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Re: Dealing with animals in gardens

  • Subject: Re: [cg] Dealing with animals in gardens
  • From: adam36055@aol.com
  • Date: Sun, 30 Jul 2006 14:13:08 -0400

Friends, 
 
I've found that a good perimeter fence is the best way to deal with predators, two legged and four. 
You have a garden, and you don't want your veggies eaten by any unauthorized beast. 
 
Norway rats are the four legged creature that gives us the most trouble at the Clinton Community Garden here in NYC - and they come from all the darn construction in the neighborhood.  When we have to deal with them, it's baiting, water in their holes ( boiling oil is too expensive) and collapsing their warrens. 
 
Duluth MN, ( not the fictional place written about so amusingly by Gore Vidal) has to have food pantries and soup kitchens that feed the hungry. I have to believe that a shotgun kept in the shed would help the garden provide desperately needed protein for the hungry. 
 
Flopsy and Bambi can feed families. Here's the website for the Minnesota group, Hunters Against Hunger
 
http://www.mnhuntersagainsthunger.com/ . They can provide tips on drop off spots for carcases, refrigeration tips, etc.  When you get handed lemons, or in this case rabbits and deer, you take this bounty and send it where it will do the best good.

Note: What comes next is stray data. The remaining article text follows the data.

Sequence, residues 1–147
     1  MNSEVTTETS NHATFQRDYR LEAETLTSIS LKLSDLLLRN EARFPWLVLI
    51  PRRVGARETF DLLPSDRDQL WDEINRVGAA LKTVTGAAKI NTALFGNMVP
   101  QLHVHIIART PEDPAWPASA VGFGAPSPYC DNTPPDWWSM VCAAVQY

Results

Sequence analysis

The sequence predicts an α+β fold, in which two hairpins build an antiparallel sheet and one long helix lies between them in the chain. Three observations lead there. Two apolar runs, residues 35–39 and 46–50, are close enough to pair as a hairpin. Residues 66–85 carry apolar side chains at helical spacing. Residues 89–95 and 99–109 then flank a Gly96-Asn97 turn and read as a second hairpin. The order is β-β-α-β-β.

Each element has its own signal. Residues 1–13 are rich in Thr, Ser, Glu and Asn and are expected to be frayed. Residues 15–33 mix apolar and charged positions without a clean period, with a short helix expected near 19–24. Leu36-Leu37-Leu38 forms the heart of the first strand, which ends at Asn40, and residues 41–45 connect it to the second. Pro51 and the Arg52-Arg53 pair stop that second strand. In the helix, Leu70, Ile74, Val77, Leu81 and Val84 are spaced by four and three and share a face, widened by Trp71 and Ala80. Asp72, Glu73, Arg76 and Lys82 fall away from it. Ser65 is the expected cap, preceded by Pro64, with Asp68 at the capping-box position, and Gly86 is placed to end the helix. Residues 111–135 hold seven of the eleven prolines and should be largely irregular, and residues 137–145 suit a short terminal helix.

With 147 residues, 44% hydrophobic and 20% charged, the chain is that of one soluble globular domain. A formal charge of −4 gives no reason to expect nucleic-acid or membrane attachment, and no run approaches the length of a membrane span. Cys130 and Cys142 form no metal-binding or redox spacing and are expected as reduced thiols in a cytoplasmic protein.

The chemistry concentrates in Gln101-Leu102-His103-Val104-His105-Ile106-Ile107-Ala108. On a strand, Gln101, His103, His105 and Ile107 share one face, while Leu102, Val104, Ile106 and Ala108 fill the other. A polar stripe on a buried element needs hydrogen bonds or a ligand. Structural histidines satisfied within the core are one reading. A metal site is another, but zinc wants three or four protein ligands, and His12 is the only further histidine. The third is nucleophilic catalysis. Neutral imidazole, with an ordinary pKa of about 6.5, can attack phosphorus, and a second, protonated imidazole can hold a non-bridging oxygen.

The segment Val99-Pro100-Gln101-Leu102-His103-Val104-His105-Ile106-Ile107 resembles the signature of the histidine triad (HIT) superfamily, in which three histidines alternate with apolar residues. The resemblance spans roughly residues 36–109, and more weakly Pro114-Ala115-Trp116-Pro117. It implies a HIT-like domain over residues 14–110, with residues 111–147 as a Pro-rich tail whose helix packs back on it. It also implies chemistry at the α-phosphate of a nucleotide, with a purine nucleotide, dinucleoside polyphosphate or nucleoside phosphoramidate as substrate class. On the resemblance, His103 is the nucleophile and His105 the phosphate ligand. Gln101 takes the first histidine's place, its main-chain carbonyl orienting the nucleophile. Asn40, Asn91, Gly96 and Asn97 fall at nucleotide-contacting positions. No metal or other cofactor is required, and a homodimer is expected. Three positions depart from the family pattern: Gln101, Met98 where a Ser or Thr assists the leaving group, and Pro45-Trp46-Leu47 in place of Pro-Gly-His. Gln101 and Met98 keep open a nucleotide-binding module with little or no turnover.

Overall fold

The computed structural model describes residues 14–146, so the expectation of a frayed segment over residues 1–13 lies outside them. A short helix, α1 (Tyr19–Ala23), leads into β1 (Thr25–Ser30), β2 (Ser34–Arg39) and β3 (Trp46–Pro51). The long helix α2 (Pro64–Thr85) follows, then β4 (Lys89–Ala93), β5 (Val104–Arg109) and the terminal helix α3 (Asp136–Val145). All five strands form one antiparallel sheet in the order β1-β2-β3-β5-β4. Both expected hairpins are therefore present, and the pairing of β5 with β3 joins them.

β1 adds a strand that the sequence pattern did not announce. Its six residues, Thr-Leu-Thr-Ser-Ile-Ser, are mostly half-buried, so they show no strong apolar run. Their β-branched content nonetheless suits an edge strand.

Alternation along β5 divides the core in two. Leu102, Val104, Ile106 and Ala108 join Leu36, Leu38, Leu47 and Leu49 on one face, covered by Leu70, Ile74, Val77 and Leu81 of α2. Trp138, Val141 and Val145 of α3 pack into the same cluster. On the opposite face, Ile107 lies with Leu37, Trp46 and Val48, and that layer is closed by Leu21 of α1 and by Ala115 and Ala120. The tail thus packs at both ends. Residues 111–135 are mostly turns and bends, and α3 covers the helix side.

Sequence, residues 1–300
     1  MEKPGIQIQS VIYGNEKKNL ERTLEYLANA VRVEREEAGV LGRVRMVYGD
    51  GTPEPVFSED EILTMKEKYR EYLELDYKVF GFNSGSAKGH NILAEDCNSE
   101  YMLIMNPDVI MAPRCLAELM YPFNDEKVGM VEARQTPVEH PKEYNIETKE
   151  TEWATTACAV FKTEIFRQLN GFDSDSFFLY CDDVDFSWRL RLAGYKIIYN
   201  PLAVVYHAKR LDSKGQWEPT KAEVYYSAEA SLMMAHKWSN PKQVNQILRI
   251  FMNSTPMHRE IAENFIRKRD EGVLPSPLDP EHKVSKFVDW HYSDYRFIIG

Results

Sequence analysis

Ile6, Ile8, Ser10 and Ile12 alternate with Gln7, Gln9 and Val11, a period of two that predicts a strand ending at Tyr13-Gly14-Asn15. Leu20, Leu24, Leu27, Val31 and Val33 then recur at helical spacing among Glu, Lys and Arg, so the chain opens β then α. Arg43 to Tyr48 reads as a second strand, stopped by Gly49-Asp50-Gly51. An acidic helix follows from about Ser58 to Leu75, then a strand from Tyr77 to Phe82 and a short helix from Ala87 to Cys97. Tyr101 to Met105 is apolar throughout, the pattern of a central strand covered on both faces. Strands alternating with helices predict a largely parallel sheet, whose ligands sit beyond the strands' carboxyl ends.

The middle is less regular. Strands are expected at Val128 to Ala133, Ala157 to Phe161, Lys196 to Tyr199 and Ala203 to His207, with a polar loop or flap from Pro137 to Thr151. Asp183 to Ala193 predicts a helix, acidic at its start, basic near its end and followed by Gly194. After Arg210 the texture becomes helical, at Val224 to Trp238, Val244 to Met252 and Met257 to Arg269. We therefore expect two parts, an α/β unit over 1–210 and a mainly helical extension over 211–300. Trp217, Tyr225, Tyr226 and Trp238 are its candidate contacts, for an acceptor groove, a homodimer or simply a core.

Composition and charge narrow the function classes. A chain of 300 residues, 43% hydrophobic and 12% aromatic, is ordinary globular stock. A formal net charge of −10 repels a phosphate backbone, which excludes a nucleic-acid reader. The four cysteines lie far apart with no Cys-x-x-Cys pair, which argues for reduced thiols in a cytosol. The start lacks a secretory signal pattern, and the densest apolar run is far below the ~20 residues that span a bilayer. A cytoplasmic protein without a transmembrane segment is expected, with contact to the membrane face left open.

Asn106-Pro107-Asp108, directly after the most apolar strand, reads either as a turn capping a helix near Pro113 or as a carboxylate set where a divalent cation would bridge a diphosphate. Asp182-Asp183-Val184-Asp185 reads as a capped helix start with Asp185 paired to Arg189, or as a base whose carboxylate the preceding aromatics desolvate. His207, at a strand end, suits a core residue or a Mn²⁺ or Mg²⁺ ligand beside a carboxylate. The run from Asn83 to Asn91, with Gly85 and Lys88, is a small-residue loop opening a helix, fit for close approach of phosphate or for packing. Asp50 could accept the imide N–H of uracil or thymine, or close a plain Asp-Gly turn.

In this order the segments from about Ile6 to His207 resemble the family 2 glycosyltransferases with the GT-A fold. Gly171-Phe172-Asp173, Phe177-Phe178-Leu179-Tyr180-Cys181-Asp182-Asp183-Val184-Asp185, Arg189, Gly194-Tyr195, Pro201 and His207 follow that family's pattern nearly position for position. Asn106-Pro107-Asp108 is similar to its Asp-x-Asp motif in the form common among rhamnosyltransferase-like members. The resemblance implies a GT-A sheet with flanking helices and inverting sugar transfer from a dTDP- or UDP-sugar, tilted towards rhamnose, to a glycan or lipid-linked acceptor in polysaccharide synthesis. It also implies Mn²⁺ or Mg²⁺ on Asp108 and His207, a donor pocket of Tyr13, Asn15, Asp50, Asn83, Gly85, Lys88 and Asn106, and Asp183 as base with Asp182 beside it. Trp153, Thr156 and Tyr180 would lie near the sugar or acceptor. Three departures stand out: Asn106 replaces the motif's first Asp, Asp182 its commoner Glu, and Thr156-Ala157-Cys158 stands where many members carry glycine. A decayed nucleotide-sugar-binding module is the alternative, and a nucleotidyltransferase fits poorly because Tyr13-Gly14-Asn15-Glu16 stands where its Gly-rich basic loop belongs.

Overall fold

And if charity starts at home, then here are some great recipes: 
 
 http://homecooking.about.com/od/game/
 
Best wishes, 
Adam Honigman
Hell's Kitchen NYC
-----Original Message-----
From: duluthcommgarden@yahoo.com
To: community_garden@mallorn.com
Sent: Sun, 30 Jul 2006 12:54 PM
Subject: [cg] Dealing with animals in gardens


Here in Duluth, Minnesota, deer and rabbits are huge
problems in community gardens.  A number of gardeners
have fenced in their plots in various ways.  Fencing
has been done on an individual basis rather than on a
garden basis, mainly because of cost and differing
levels of concern about the "problem".  We'd love to
know how other gardens have addressed animal issues,
especially if any have found non-fence solutions or
deterrents to animals.


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______________________________________________________
The American Community Gardening Association listserve is only one of ACGA's services to community gardeners. To learn more about the ACGA and to find out how to join, please go to http://www.communitygarden.org


To post an e-mail to the list:  community_garden@mallorn.com

To subscribe, unsubscribe or change your subscription:  https://secure.mallorn.com/mailman/listinfo/community_garden





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